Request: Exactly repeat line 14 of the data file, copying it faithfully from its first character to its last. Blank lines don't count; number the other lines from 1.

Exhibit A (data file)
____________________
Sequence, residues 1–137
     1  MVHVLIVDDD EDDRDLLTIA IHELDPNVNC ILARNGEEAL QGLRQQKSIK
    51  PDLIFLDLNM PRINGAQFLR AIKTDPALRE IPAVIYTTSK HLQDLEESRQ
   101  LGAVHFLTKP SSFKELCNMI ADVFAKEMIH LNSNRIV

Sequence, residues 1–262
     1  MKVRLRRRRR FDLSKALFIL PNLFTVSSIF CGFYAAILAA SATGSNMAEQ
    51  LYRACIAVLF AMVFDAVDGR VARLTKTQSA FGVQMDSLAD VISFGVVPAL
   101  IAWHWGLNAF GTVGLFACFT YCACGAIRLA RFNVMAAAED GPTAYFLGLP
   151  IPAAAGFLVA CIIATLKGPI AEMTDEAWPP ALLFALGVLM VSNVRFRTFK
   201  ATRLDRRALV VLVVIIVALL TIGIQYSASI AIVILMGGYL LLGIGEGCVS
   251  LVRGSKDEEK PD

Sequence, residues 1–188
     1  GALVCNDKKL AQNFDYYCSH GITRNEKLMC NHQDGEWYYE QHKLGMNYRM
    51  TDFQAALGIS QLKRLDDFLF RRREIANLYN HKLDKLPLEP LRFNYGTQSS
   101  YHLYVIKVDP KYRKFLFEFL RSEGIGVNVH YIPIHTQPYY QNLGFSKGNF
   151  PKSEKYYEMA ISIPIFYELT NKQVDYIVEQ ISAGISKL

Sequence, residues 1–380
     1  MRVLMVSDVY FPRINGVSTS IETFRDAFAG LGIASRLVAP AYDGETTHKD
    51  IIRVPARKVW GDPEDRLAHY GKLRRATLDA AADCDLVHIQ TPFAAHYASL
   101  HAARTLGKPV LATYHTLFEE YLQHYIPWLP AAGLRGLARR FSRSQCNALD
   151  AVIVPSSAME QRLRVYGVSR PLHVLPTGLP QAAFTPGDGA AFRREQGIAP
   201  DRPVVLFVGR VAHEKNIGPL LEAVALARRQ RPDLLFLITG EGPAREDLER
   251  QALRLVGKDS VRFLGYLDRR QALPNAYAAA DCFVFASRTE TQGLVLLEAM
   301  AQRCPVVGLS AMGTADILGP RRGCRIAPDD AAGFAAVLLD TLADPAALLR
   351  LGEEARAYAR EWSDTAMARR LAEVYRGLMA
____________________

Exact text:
    51  TDFQAALGIS QLKRLDDFLF RRREIANLYN HKLDKLPLEP LRFNYGTQSS